Take the 2-minute tour ×
Stack Overflow is a question and answer site for professional and enthusiast programmers. It's 100% free, no registration required.

What is the mysql I need to achieve the result below given these 2 tables:

table1:

+----+-------+
| id | name  |
+----+-------+
|  1 | alan  |
|  2 | bob   |
|  3 | dave  |
+----+-------+

table2:

+----+---------+
| id | state   |
+----+---------+
|  2 | MI      |
|  3 | WV      |
|  4 | FL      |
+----+---------+

I want to create a temporary view that looks like this

desired result:

+----+---------+---------+
| id | name    | state   |
+----+---------+---------+
|  1 | alan    |         |
|  2 | bob     | MI      |
|  3 | dave    | WV      |
|  4 |         | FL      |
+----+---------+---------+

I tried a mysql union but the following result is not what I want.

create view table3 as
(select id,name,"" as state from table1)
union
(select id,"" as name,state from table2)

table3 union result:

+----+---------+---------+
| id | name    | state   |
+----+---------+---------+
|  1 | alan    |         |
|  2 | bob     |         |
|  3 | dave    |         |
|  2 |         | MI      |
|  3 |         | WV      |
|  4 |         | FL      |
+----+---------+---------+
share|improve this question
    
Very good demonstration and definition of the problem +1 –  sємsєм Nov 25 '12 at 1:50

2 Answers 2

up vote 7 down vote accepted

You need to use an SQL operator called JOIN to get what you want.

JOIN is a fundamental part of the SQL language, as much as a while loop is for other programming languages.

Start here: A Visual Explanation of SQL Joins

Another way of thinking of JOIN vs. UNION is:

  • UNION appends rows together.
  • JOIN appends columns together.

For example:

SELECT * 
FROM table1
JOIN table2 USING (id);

This is a style of join that returns only the rows for which a matching id exists in both tables. But you want all of those id's for which a row exists in at least one table or the other.

SELECT * 
FROM table1
LEFT OUTER JOIN table2 USING (id);

This gets all the rows from table1, with their matching rows in table2. But to get the reverse, we'd need:

SELECT * 
FROM table1
RIGHT OUTER JOIN table2 USING (id);

SQL also defines a FULL OUTER JOIN which would do both at once, but unfortunately MySQL hasn't implemented that part of the SQL standard. But we can use UNION to combine the two types of joins. Union will eliminate duplicate rows by default.

update: I troubleshot this, and got it to work. It turns out you have to name the columns explicitly, to make sure they are in the same columns in both of the unioned queries. Here's the query that works, copied from my terminal window:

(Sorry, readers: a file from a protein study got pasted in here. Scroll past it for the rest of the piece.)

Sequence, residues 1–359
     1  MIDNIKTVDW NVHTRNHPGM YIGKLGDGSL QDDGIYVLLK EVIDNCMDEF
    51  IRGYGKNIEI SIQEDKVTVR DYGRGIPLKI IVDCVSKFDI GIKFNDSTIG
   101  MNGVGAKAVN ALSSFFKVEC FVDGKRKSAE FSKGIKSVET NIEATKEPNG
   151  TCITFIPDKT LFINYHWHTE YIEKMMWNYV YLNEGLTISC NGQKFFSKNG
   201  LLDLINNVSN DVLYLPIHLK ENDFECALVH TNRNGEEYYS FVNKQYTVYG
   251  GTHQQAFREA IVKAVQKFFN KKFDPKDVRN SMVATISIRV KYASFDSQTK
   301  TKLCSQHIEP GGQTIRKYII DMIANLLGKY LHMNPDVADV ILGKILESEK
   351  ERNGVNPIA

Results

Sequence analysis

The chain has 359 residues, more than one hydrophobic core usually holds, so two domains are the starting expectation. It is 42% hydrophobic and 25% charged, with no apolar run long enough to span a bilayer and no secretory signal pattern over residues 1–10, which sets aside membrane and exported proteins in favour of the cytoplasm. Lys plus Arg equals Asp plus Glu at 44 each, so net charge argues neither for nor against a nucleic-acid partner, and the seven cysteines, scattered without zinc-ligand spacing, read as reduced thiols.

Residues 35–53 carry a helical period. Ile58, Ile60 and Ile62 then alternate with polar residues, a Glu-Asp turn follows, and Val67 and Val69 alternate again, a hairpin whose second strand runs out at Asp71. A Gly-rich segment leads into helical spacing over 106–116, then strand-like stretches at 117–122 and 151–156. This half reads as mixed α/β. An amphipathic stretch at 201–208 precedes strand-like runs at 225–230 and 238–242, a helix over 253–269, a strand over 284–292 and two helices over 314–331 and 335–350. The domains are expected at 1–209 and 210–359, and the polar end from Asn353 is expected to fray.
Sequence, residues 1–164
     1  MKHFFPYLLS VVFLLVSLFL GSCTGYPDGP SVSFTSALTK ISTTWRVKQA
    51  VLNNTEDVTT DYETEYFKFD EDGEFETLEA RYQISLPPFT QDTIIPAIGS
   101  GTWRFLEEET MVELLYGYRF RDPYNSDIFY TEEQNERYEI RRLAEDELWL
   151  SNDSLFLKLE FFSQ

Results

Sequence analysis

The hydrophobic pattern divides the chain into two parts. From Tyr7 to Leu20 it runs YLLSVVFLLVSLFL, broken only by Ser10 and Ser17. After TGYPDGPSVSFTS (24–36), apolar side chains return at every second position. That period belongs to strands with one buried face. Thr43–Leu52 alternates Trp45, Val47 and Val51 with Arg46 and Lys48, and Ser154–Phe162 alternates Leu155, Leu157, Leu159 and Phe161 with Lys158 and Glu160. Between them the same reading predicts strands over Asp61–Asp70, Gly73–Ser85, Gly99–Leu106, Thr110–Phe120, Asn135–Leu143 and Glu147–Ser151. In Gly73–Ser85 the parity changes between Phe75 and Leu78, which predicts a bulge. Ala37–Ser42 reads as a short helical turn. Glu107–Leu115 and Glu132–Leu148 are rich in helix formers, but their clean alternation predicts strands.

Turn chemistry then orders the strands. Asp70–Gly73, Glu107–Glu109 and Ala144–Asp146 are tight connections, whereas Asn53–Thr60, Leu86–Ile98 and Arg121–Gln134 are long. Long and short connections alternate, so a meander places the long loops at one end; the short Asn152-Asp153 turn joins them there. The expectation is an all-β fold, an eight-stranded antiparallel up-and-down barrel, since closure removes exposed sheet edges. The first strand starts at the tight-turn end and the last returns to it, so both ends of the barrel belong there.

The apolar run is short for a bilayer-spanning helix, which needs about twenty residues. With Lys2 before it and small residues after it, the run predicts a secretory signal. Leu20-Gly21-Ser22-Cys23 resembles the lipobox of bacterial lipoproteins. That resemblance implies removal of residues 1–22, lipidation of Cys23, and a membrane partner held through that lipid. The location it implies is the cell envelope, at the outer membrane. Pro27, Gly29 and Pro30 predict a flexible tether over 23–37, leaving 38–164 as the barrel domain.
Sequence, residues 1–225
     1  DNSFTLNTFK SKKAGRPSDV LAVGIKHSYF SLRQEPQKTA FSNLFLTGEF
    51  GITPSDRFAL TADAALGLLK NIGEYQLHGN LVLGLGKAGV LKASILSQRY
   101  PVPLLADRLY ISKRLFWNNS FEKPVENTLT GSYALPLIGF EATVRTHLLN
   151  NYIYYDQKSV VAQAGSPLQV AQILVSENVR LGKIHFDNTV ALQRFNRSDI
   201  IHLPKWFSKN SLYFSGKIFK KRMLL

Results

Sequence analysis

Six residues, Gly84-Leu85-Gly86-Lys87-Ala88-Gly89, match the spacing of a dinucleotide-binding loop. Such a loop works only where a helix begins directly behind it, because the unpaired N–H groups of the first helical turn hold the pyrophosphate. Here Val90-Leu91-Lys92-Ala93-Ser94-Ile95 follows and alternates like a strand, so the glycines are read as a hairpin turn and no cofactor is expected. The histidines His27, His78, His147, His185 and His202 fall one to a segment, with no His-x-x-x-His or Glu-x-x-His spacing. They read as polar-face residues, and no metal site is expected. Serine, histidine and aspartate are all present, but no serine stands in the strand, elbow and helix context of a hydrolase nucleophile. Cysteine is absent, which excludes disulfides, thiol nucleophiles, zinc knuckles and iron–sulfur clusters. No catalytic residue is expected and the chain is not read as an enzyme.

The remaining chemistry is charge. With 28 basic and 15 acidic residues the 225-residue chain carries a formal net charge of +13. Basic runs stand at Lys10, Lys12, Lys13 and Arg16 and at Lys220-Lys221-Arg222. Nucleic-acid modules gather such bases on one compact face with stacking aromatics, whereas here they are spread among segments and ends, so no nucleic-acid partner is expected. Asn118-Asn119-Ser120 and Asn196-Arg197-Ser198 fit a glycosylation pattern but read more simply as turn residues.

SELECT id, name, state
FROM table1
LEFT OUTER JOIN table2 USING (id)
UNION
SELECT id, name, state
FROM table1
RIGHT OUTER JOIN table2 USING (id);

It's a good habit in general to avoid using SELECT *, and this is just one more case where it's a good idea.

Also, I had left a superfluous semicolon in the query example before. That was just a typo on my part.

This query produces the following output, copied from my terminal window:

+----+------+-------+
| id | name | state |
+----+------+-------+
|  1 | alan | NULL  |
|  2 | bob  | MI    |
|  3 | dave | WV    |
|  4 | NULL | FL    |
+----+------+-------+

PS: Thank you for asking the question so clearly!

share|improve this answer
    
the result seems close, but not the desired result mentions above. The formatting is not supported the same in this comment so I pasted the result in the question. –  panofish Nov 25 '12 at 2:27
    
@panofish SELECT * FROM table1 LEFT JOIN table2 ON (table1.id = table2.id) UNION SELECT * FROM table1 RIGHT JOIN table2 ON (table1.id = table2.id) is basically the same as what BillKarwin states but achieves slightly different results.. may be more what you're needing. –  pebbl Nov 25 '12 at 2:36
    
closer but still doesnt produce the desired table... perhaps this is an example that can only be done programmatically? –  panofish Nov 25 '12 at 21:48
    
See above update, I got it to work. –  Bill Karwin Nov 25 '12 at 23:01
    
Thanks Bill... the update worked. Interesting that you must name the columns explicity. –  panofish Nov 26 '12 at 19:12

You need FULL OUTER JOIN:

SELECT coalesce(a.id, b.id), a.name, b.state
FROM table1 a
FULL OUTER JOIN table2 b ON (a.id = b.id)
share|improve this answer
2  
MySQL doesn't support FULL OUTER JOIN –  Michael Berkowski Nov 25 '12 at 2:02
    
yup... full outer join didn't work in mysql –  panofish Nov 25 '12 at 2:23

Your Answer

 
discard

By posting your answer, you agree to the privacy policy and terms of service.

Not the answer you're looking for? Browse other questions tagged or ask your own question.